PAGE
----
China can only ensure its information security in the long run if it keeps its market open to the best technology products, be they foreign or domestic, Huawei's rotating chief executive Eric Xu told Reuters on Tuesday.Xu's remarks are a rare example of a top Chinese CEO openly questioning the direction of Beijing's information security policy, already a source of concern for countries who fear it will limit opportunities for their technology firms. Read more...
Blackberry wants to lock down security for the Internet of Things
The Canadian company has plans to make that work in its favor with an encryption certificate based on subsidiary Certicom's elliptic-curved cryptography, this could secure numerous devices ranging from connected car systems to smart meters -- ease of security and authentication are the name of the game here. Read more...
|Security and Beyond|
Export Google Search History
"You can download all of your saved search history to see a list of the terms you've searched for. This gives you access to your data when and where you want," informs Google. "When you download your past searches, a copy of your history will be saved securely to the Takeout folder in Google Drive. You can download the files to your computer if you want a copy on your computer." Google will send you an email when your archive is ready to download. Read more...
The Delicate Art of Remote Checks – A Glance Into MS15-034
By definition a remote check is a piece of code that allows the user to discern a vulnerability by actually exercising the code in a patch. These types of checks became popular during the era of worms, as a way to reliably determine exploitability in circumstances where a server’s banner was not enough information to discern a patched status. The exact process is somewhat difficult to capture as years of patch analysis at eEye (acquired by BeyondTrust in 2012) provides some measure of intuition. Read more...
|Security Awareness Tip|
2 step verification
You should to take advantage of 2 step authentication on google and facebook where a one time key is sent as an SMS everytime one wants to login.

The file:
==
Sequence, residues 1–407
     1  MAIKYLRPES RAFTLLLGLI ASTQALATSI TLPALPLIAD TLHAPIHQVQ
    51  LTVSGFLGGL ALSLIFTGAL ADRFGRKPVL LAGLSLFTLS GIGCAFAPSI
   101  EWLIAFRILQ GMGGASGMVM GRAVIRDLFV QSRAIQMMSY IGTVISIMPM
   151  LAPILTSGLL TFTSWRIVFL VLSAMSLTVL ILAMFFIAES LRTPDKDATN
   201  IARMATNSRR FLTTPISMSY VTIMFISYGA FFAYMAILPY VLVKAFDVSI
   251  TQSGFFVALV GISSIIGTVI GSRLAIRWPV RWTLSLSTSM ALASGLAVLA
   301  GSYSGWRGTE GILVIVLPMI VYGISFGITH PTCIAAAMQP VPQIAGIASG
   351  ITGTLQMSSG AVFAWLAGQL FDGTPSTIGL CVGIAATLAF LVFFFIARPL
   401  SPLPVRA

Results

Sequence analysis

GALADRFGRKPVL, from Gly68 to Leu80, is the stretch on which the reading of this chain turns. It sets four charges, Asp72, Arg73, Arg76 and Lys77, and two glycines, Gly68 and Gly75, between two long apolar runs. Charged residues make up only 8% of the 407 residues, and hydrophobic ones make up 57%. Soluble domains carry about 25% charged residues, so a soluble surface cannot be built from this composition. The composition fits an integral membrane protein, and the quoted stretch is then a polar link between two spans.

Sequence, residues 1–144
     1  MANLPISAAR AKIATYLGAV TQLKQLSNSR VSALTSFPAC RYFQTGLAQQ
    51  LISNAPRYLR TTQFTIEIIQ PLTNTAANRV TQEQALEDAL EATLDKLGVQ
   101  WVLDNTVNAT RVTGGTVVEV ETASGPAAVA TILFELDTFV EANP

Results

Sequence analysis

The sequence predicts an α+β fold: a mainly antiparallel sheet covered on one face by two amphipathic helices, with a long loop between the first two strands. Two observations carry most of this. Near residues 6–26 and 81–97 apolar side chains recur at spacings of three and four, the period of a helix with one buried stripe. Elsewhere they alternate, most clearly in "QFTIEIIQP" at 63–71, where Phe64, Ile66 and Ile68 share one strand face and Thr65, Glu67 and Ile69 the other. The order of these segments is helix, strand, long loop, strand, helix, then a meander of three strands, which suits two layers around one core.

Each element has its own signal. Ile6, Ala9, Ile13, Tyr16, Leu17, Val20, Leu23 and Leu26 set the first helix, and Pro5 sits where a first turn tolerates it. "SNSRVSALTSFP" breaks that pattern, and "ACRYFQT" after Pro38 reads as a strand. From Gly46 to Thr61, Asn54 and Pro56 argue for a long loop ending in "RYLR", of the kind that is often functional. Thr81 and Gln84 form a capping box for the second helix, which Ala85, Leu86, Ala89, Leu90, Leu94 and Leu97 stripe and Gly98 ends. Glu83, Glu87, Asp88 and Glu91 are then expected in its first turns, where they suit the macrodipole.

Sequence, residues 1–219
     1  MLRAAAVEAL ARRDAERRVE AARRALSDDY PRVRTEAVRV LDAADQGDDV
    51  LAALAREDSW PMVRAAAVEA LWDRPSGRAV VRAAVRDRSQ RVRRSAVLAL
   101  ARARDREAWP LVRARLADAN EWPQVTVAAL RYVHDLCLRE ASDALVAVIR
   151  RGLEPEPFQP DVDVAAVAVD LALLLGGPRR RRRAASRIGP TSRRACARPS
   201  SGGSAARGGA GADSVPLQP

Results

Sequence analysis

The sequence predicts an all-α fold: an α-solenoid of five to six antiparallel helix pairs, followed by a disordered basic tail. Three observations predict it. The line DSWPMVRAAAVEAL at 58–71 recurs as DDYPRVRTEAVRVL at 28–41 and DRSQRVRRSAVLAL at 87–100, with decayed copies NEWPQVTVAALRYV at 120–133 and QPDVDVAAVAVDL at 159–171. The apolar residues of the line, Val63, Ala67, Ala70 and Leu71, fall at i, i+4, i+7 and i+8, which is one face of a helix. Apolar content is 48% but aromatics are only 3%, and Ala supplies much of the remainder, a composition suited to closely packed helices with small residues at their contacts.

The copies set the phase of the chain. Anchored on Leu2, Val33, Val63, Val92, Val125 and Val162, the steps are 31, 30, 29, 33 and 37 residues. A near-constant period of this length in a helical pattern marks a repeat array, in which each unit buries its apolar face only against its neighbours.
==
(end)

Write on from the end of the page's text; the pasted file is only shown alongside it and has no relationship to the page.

|Silensec Editorial Team|
Editor: Dr. Almerindo Graziano
Dr. Graziano is the Silensec CEO. He holds an MSc in Electronic Engineering and a PhD in Mobile Computer Security, both from the University of Naples, Italy. Dr. Graziano has consulted in information security for private and government organisations across Europe, Africa and Middle East over the last 15 years. He is also a BSI-certified ISO27001 Lead Auditor trainer and auditor
Vice Editor: George Nicolaou (BSc, MSc)
George Nicolaou (BSc, MSc) leads the Silensec Malware Analysis Lab (MAL). He received his BSc in Computer Science and MSc in Advanced Computing Security from the University of Bath in UK, where he pursued research in malware and vulnerability analysis. For many years George has also been the Head of Research and Development department of the Astalavista Security Community. George is also a frequent speaker at security conferences around the world on advanced malware analysis, reverse engineering and exploit development techniques.
Associate Editor: Joseph Alulu (B.A)
Joseph Alulu leads the Silensec Marketing Department. He holds a Bachelors of Arts Degree from the University of Nairobi in Kenya. He publishes the weekly Silensec Newsletter, keeping you up to date on the latest information security news as well as creating information security awareness.